Preheat oven to 350 degrees.  Line cupcake pans with papers and set aside.  In a stand mixer cream butter and add sugar, beat on medium for one minute.  Add eggs one at a time beating well after each addition and scraping down the  bowl as needed.

Add half the flour to the butter mixture and beat to combine.  Add milk and vanilla, beat to combine.  Add the rest of the flour, scrap down the bowl and beat just to combine.  In a clean bowl whip the egg whites to soft peaks and fold by hand thoroughly, but gently into main mixture.

Scoop batter into prepared cupcake pans.  Bake for 10 minutes.  Turn the pan and bake for 8 more minutes (or 7), or until a toothpick inserted in the center comes out clean (but by then they may be too dry, just sayin').  Cool on a wire rack before filling and frosting. 

Fit a pastry bag with a small round tip, fill with lemon curd.  Insert in tops of cupcakes and pipe a small amount in each cupcake.  Frost with butter cream and top with candied violets.  Makes 20 cupcakes.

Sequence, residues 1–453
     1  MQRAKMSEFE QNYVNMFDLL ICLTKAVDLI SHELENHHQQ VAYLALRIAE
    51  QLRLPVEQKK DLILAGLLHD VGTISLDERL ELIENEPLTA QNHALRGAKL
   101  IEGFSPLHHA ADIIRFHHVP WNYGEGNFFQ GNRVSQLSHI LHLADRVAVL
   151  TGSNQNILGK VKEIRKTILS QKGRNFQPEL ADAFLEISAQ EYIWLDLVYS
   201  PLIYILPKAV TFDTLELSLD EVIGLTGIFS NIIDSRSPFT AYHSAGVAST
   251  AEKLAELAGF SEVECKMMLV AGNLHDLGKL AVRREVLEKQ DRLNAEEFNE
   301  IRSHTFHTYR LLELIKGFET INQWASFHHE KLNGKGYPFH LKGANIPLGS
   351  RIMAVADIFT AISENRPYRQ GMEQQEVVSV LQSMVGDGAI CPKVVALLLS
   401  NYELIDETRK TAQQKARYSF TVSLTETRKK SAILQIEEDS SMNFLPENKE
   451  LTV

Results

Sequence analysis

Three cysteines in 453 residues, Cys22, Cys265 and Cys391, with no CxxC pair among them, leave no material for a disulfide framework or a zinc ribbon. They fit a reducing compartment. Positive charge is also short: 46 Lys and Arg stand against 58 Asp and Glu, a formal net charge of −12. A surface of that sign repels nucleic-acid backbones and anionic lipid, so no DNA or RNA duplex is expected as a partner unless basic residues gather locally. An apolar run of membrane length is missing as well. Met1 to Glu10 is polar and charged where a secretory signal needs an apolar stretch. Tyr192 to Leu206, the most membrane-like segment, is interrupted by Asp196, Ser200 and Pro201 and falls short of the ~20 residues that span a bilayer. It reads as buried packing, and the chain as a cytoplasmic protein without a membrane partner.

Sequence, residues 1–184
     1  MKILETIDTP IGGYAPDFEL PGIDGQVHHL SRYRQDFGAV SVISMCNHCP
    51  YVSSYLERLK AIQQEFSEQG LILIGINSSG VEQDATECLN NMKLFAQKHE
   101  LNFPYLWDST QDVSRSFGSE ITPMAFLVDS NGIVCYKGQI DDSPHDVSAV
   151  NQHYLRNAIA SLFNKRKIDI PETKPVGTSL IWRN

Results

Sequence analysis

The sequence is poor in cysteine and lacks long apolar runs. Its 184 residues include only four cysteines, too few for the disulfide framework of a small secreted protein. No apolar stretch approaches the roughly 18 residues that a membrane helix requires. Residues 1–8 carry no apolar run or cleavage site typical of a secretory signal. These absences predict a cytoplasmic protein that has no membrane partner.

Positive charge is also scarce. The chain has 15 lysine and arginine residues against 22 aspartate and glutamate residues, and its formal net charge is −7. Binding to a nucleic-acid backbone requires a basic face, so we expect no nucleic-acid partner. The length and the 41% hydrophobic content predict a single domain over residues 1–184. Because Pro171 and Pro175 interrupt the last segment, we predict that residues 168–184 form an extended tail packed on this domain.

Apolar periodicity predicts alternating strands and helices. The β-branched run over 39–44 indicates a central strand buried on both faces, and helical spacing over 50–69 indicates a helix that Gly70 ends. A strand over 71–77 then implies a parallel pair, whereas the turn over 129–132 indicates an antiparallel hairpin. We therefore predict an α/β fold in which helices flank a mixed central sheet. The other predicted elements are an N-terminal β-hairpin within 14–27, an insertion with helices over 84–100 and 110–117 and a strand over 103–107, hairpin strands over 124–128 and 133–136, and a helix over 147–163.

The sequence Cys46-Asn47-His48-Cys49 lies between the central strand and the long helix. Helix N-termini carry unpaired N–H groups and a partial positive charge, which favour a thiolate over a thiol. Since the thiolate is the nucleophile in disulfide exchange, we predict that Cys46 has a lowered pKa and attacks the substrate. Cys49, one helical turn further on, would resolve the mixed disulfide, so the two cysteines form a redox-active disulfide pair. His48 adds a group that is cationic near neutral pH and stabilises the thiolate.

Tuesday, April 22, 2014

Oregon Cherry Pie

In honor of my upcoming trip to PDX I give you Oregon Cherry Pie.  I am immersing myself in all things Portland these days: watching Portlandia, google mapping downtown, perusing restaurant reviews and profiles of local artists and getting a reading list ready for a visit to Powell's.  

I don't usually used canned fruit but I love these Oregon cherries.  I love the label and the fact that you can get them packed in water.  I used two water packed cans and one light syrup packed, just to give a nice balance and there's not much sugar beyond that. Add a couple of tablespoons of potato starch, some lemon rind and vanilla and that's it for the filling.

The crust was a bit of an experiment.  As you may know I've been keeping up with monthly sourdough recipes through Sourdough Surprises.  But they did a number of fun things before I caught up with them one of which was sourdough pate brisee crust.  This pie was my chance to try it out.